In July, when Procter & Gamble reported its quarterly earnings, the company said slashing digital ad spend by $140 million had “no negative impact on growth rate.”
The company significantly cut back on the number of websites it advertised on between January and May 2017. In January, P&G chief brand officer Marc Pritchard called out the digital ad industry for lack of transparency and a polluted supply chain, and he has continued to be a vocal advocate for better digital ad experiences.
According to a new report by ad sales insights platform MediaRadar, P&G ran ads on 20 percent fewer sites overall between January and August 2017 from a year ago — 1,251 websites, down from 1,565 during the same period in 2016. Notably, P&G ran ads on just 59 percent of the same sites year over year. MediaRadar tracks ad campaigns across channels, including online, TV, mobile, and print.
P&G’s biggest year-over-year programmatic advertising drop-off came in April, when P&G cut the number of sites on which it ran ads by nearly 70 percent. Starting at the end of March, many brands pulled back ad spend on YouTube and elsewhere after ads were found running alongside extremist video content. After freezing YouTube campaigns, P&G eventually returned to advertising on YouTube’s preferred channels.
In a sign that P&G has become more confident in the ecosystem, the company began increasing the number of sites it advertised on year-over-year in July, reports MediaRadar. The timing is interesting in that it coincides with the earnings report details, but it signals P&G got the industry’s attention this spring.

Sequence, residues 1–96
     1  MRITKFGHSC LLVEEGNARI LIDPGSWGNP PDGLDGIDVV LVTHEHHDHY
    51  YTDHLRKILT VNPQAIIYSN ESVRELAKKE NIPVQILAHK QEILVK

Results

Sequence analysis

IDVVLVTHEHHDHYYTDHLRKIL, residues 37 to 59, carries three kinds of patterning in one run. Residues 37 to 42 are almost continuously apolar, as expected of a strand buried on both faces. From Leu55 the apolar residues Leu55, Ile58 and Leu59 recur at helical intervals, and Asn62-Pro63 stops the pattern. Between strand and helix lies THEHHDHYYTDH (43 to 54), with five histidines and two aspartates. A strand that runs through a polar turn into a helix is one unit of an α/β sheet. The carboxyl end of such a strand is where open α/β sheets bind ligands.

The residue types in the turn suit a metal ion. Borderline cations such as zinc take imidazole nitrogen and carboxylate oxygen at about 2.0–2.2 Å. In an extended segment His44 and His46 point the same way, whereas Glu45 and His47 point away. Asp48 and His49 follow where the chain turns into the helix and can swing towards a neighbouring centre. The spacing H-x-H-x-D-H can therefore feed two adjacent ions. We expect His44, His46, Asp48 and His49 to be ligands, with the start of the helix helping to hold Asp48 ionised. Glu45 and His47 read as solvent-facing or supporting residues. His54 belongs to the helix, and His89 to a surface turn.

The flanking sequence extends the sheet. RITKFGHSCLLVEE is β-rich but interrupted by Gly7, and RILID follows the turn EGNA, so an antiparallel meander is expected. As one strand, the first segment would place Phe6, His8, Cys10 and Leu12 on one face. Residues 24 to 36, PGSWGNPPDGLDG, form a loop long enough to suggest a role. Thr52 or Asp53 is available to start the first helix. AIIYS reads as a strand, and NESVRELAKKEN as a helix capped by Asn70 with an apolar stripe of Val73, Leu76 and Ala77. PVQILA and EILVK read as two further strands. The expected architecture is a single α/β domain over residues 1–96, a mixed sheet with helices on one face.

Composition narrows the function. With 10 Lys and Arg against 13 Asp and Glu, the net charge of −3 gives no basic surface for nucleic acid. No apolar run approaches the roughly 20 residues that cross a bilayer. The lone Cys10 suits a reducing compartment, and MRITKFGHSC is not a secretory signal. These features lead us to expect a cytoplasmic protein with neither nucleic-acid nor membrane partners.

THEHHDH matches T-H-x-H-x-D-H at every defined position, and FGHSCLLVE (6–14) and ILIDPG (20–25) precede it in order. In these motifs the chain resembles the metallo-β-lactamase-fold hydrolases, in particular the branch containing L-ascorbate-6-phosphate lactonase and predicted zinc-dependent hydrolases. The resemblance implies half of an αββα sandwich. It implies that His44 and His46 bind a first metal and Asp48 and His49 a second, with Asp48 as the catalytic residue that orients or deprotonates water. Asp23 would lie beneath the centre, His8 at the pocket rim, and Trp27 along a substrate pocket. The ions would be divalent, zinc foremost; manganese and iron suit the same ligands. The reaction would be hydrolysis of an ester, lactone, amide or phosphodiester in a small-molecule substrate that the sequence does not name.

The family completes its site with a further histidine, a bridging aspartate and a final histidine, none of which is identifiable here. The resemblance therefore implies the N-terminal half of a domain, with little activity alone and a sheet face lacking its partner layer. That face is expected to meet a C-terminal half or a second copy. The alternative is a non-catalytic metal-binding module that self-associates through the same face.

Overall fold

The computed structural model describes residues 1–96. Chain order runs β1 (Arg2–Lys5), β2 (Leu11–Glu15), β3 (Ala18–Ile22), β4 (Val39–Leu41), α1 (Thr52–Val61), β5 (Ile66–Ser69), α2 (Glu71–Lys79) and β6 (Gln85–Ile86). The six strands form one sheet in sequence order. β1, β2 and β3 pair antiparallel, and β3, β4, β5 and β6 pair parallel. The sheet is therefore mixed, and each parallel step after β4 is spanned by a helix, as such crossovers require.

“P&G has gained more transparency over its campaigns, which has resulted in a bounceback,” said Todd Krizelman, CEO and co-founder of MediaRadar. “They’re the biggest advertiser in the US and one of the biggest in the world. If they want more transparency, agencies, vendors and publishers are going to deliver it. Because of this, media partners have been compelled to install more brand safety measures in an effort to retain and win new business from P&G.”
P&G is not alone, said Krizelman, adding that “brands are demanding increased transparency from their partners and cutting ties with those who don’t meet their strict standards. Our data shows that advertisers have become much more cautious with their campaigns, as many have reduced the number of sites they buy on.”
The industry has responded with several initiatives aimed at cleaning up the supply chain and improving ad experiences, but clearly, brands are reevaluating their approach to programmatic in ways that will have long-term effects.